SN 12.2 says:
MN 141 says:SN 12.2 wrote:And what is feeling?
Katamā ca, bhikkhave, vedanā?
There are these six classes of feeling.
Chayime, bhikkhave, vedanākāyā
Feeling born of contact through the eye, ear, nose, tongue, body and mind.
cakkhusamphassajā vedanā, sotasamphassajā vedanā, ghānasamphassajā vedanā, jivhāsamphassajā vedanā, kāyasamphassajā vedanā, manosamphassajā vedanā.
This is called feeling.
Ayaṃ vuccati, bhikkhave, vedanā.
However, there are suttas appearing to refer to Arahants experiencing manosamphassajā vedanā (mental feelings) as follows:MN 141 wrote:And what is sadness?
Mental pain, mental displeasure, the painful, unpleasant feeling that’s born from mind contact.
Yaṃ kho, āvuso, cetasikaṃ dukkhaṃ cetasikaṃ asātaṃ manosamphassajaṃ dukkhaṃ asātaṃ vedayitaṃ,
This is called sadness.
idaṃ vuccatāvuso: ‘domanassaṃ’.
MN 38 wrote:When they know a thought with their mind, if it’s pleasant they don’t desire it, and if it’s unpleasant they don’t dislike it. They live with mindfulness of the body established and a limitless heart.
manasā dhammaṃ viññāya piyarūpe dhamme na sārajjati, appiyarūpe dhamme na byāpajjati, upaṭṭhitakāyasati ca viharati appamāṇacetaso,
And they truly understand the freedom of heart and freedom by wisdom where those arisen bad, unskillful qualities cease without anything left over.
tañca cetovimuttiṃ paññāvimuttiṃ yathābhūtaṃ pajānāti yatthassa te pāpakā akusalā dhammā aparisesā nirujjhanti.
Having given up favoring and opposing, when they experience any kind of feeling — pleasant, unpleasant, or neutral—they don’t approve, welcome, or keep clinging to it.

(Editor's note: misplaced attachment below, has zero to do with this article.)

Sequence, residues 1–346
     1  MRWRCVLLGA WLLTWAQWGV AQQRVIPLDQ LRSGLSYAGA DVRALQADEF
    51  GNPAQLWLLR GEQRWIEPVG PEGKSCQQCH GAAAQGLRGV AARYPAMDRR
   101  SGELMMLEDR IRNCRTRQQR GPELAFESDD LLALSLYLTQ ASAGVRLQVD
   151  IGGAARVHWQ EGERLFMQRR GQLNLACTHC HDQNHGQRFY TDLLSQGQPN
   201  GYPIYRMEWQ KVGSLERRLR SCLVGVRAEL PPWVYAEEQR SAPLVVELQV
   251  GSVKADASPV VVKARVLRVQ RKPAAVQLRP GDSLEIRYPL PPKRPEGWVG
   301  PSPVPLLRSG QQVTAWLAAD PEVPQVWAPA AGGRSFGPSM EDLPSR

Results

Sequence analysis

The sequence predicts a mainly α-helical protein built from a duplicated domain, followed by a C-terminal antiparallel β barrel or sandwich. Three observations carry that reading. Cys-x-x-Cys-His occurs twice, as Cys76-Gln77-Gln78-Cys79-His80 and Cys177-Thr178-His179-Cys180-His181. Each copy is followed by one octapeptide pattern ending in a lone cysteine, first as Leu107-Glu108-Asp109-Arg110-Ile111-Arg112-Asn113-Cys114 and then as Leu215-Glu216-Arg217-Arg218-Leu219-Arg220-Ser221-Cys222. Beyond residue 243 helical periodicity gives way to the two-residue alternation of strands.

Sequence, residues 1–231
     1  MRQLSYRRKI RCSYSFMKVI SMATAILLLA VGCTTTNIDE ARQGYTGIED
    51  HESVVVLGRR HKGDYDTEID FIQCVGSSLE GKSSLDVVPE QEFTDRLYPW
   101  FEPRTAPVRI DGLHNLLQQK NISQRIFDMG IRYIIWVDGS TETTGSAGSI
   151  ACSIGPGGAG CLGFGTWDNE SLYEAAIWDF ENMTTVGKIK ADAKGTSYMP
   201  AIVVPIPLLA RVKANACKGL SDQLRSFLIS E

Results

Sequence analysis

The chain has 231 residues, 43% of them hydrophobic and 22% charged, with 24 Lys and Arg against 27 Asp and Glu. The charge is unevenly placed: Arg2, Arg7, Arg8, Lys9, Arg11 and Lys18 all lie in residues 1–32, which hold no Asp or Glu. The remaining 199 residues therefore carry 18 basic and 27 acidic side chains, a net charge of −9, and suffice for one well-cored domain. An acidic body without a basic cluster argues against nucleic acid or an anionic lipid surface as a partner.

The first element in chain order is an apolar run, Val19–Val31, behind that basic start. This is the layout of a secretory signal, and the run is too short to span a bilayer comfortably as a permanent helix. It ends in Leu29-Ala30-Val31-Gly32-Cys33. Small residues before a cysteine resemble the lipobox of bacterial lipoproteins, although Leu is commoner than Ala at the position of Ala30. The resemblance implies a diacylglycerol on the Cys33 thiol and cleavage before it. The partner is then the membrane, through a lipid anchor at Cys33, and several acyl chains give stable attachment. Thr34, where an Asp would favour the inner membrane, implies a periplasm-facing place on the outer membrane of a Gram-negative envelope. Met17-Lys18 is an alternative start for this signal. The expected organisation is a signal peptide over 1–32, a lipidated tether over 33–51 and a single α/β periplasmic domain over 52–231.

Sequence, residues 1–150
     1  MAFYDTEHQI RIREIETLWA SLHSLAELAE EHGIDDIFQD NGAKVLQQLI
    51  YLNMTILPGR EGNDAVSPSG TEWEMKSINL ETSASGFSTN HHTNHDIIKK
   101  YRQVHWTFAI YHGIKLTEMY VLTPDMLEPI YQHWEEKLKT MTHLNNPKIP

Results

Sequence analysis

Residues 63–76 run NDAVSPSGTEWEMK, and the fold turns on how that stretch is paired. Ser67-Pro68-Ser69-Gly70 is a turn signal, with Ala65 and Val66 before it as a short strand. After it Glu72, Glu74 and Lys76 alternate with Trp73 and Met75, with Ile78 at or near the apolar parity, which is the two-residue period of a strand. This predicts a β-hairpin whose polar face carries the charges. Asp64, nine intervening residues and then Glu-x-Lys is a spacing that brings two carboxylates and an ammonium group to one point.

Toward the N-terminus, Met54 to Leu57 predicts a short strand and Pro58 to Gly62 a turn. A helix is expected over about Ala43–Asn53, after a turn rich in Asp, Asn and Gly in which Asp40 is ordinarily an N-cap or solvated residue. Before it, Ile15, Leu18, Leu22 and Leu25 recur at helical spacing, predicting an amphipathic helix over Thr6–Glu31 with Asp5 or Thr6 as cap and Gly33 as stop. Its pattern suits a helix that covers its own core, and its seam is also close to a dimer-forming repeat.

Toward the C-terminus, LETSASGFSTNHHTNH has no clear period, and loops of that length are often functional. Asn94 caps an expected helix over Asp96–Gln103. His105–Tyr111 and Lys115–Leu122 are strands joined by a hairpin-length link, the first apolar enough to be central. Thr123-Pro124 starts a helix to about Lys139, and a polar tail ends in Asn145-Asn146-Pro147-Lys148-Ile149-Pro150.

So evaṃ anurodhavirodhavippahīno yaṃ kiñci vedanaṃ vedeti, sukhaṃ vā dukkhaṃ vā adukkhamasukhaṃ vā, so taṃ vedanaṃ nābhinandati nābhivadati nājjhosāya tiṭṭhati.
As a result, relishing of feelings ceases.
Tassa taṃ vedanaṃ anabhinandato anabhivadato anajjhosāya tiṭṭhato yā vedanāsu nandī sā nirujjhati.
When their relishing ceases, grasping ceases. When grasping ceases, continued existence ceases. When continued existence ceases, rebirth ceases. When rebirth ceases, old age and death, sorrow, lamentation, pain, sadness, and distress cease.
Tassa nandīnirodhā upādānanirodho, upādānanirodhā bhavanirodho, bhavanirodhā jātinirodho, jātinirodhā jarāmaraṇaṃ sokaparidevadukkhadomanassupāyāsā nirujjhanti.
That is how this entire mass of suffering ceases.
Evametassa kevalassa dukkhakkhandhassa nirodho hoti.
Interestingly, Iti 44 appears to say Arahant do not experience mental feelings, as follows:MN 148 wrote:Mind consciousness arises dependent on the mind and thoughts. The meeting of the three is contact. Contact is a condition for what is felt as pleasant, painful, or neutral.
“Manañca, bhikkhave, paṭicca dhamme ca uppajjati manoviññāṇaṃ tiṇṇaṃ saṅgati phasso, phassapaccayā uppajjati vedayitaṃ sukhaṃ vā dukkhaṃ vā adukkhamasukhaṃ vā.
When you experience a pleasant feeling, if you don’t approve, welcome, and keep clinging to it,
So sukhāya vedanāya phuṭṭho samāno nābhinandati nābhivadati nājjhosāya tiṭṭhati.
it’s totally possible to make an end of suffering in the present life.
Topics for discussion are:Iti 44 wrote:Here a bhikkhu is an arahant, one whose taints are destroyed, the holy life fulfilled, who has done what had to be done, laid down the burden, attained the goal, destroyed the fetters of being, completely released through final knowledge. However, his five sense faculties remain unimpaired, by which he still experiences what is agreeable and disagreeable and feels pleasure and pain.
1. Does the word 'domanassa' refer to all unpleasant feelings arising from mind contact, per MN 141?
2. Or does the word 'domanassa' only refer to unpleasant feelings arising from mind contact with mental proliferations born from craving & attachment (aka papanca), per MN 38?
3. Do arahants experience unpleasant feelings born from mind contact, per MN 148 & MN 38 and contrary to Iti 44?